By the time our side salad arrived we were almost done, but Leland wisely delivered a double serving in a take-out container. A look revealed it wasn’t snow peas as advertised, but florets of broccoli and raisins in a sweet, creamy dressing. I brought it home, along with the treats from our lunch boxes: a red velvet cupcake and a slice of lemon bread.
Promising my son’s pastries for a Saturday treat, we returned the following week in time for the last serving of Leland’s popular cookies and gravy. Priced at $8, the large order of two cookies whole, split and smothered in homemade sausage sauce fed me and two young children with the addition of a large CakeBar Cinnamon Bun ($5 ) covered with icing. A single cookie with sauce is also $5.
It’s hard to innovate when it comes to an American mainstay like cookies and gravy. But my boys and I loved the hint of green chili in Leland’s version, lightly spiced without detracting from the flavor of the dish.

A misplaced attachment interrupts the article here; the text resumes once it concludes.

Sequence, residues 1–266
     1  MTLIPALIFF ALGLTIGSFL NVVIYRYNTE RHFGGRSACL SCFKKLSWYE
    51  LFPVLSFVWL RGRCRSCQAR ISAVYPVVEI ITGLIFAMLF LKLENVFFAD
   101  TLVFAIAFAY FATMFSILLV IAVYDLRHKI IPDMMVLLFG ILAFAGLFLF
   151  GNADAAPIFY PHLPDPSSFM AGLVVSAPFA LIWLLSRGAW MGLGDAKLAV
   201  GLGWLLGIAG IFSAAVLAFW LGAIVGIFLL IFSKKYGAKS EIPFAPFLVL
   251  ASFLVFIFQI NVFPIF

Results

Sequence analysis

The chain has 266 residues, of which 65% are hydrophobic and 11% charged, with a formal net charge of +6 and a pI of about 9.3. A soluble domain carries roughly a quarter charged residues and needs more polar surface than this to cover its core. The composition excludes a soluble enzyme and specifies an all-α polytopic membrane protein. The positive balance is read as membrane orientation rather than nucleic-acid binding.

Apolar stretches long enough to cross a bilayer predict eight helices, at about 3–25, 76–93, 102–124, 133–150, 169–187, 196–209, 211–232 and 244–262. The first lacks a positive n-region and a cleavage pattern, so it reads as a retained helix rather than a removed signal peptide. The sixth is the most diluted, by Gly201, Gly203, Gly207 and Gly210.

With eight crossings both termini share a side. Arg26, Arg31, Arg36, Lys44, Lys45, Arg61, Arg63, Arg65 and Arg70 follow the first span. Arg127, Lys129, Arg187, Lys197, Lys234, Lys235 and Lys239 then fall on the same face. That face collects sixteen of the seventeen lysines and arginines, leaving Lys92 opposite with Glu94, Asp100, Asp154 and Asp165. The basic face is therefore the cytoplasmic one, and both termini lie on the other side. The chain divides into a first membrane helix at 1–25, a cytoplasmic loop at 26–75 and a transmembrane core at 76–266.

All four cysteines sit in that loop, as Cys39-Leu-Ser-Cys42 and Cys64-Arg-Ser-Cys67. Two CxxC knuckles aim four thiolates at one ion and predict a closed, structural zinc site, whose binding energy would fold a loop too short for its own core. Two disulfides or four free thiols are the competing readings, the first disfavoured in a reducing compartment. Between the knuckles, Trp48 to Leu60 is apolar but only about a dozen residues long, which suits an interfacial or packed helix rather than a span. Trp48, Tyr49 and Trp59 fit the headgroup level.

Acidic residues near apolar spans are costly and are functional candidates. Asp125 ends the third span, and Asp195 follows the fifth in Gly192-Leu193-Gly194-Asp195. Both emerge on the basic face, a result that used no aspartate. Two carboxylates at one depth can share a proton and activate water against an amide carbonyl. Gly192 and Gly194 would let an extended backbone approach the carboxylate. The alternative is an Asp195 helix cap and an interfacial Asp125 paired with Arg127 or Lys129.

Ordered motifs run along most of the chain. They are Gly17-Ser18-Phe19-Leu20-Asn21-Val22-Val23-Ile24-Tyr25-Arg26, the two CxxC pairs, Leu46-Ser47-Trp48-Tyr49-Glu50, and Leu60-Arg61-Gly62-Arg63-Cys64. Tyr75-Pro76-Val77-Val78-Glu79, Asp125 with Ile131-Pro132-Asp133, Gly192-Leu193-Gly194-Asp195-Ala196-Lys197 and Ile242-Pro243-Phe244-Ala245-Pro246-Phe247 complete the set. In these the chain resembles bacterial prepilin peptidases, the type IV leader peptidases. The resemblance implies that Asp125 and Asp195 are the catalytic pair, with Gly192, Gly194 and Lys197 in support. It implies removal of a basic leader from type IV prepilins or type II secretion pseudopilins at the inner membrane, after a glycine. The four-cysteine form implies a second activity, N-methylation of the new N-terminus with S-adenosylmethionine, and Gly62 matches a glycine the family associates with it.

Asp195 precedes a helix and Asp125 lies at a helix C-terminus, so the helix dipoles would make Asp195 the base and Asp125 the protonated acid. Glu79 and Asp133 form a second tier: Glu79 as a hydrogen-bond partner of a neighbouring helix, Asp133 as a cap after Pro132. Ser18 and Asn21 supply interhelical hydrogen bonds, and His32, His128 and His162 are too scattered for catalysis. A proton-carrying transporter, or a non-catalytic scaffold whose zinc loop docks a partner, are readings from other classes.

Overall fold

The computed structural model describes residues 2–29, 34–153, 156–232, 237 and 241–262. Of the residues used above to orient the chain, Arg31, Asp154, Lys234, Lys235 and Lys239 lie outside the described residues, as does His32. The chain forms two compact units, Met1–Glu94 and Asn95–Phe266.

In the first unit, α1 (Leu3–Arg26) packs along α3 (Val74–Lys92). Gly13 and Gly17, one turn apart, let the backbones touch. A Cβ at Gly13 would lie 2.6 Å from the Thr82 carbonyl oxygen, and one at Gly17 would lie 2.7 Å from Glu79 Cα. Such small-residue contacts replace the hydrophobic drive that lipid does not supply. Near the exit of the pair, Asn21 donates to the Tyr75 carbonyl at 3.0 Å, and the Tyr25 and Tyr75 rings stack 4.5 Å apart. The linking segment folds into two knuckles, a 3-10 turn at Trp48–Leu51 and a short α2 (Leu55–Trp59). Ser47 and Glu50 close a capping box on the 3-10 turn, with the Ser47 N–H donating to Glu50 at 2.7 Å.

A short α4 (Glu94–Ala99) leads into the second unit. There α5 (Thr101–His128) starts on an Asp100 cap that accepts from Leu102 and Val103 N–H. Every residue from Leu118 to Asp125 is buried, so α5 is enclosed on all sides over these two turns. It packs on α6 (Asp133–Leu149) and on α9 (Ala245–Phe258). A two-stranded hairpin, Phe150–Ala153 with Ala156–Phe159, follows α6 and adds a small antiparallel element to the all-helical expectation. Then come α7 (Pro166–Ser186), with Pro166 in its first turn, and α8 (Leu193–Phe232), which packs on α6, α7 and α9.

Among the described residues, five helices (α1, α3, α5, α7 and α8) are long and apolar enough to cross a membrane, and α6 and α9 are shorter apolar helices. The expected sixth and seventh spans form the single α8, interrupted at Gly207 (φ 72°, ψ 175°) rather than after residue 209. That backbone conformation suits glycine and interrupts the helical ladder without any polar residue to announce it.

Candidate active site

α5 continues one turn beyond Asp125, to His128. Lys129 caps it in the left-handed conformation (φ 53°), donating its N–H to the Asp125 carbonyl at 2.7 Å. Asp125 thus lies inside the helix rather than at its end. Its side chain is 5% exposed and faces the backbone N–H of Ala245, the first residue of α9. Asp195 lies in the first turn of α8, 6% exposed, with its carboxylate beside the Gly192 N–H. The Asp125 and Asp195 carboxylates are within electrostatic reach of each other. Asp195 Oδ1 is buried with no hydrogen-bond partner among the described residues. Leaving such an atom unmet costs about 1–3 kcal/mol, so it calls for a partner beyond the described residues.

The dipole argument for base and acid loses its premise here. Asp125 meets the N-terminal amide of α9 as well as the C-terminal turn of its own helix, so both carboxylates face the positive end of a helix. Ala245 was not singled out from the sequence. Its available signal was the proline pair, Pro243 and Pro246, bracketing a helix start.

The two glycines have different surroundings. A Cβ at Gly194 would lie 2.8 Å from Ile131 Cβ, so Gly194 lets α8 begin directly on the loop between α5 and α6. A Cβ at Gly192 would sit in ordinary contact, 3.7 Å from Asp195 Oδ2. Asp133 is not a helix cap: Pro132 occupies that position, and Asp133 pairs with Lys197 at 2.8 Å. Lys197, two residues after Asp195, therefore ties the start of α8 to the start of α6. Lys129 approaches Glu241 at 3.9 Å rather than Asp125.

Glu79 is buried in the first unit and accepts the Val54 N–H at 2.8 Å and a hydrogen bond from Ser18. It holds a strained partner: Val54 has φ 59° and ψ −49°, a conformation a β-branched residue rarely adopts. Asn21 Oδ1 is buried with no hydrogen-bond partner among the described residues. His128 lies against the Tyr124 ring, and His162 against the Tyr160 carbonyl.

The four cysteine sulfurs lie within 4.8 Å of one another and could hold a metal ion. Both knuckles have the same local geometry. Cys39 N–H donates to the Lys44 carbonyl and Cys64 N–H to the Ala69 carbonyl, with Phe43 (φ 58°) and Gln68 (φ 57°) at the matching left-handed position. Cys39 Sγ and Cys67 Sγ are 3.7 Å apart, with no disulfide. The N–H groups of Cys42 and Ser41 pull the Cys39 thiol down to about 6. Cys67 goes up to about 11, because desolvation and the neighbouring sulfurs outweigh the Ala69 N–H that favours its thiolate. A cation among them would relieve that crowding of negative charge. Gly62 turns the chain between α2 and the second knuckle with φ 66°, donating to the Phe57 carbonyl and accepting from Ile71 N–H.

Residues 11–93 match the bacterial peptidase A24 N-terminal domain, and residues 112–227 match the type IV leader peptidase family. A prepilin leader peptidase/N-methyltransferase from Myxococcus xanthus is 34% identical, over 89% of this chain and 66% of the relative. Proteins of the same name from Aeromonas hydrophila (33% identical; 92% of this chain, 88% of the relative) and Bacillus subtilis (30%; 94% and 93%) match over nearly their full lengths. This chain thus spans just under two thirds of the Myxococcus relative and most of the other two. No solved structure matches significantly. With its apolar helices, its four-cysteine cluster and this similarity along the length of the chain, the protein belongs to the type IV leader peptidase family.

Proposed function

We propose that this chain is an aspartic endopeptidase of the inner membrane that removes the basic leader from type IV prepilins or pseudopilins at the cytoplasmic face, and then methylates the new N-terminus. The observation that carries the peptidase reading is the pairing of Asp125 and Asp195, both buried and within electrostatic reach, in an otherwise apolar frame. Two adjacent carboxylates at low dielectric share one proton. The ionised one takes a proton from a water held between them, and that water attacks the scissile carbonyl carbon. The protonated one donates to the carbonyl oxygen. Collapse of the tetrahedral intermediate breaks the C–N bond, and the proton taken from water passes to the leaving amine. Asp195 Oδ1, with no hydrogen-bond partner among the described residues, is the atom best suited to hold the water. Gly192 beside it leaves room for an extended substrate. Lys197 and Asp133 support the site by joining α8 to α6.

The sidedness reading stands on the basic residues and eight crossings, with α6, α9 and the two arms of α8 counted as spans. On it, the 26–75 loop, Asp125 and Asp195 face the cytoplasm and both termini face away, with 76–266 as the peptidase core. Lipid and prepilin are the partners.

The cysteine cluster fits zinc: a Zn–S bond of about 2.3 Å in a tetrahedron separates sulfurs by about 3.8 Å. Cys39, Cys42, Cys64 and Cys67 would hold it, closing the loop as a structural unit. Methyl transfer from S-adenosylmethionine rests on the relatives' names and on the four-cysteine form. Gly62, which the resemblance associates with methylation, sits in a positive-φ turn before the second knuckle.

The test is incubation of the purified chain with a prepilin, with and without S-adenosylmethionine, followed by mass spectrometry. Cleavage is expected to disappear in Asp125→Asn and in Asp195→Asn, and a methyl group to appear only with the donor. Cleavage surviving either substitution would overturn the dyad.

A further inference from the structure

While the consistency is perfect, we wish the sauce — ladle out of a countertop slow cooker — was a little hotter. We will plan a return visit when the cinnamon rolls are warm from the oven.
Located at 915 W. McAndrews Road, CakeBar is open 7 a.m. to 3 p.m. Wednesday through Saturday. See facebook.com/Cakebarandbakery and follow @cakebarandbakery on Instagram for menu updates.
Contact Managing Editor Sarah Lemon at 541-776-4494 or [email protected]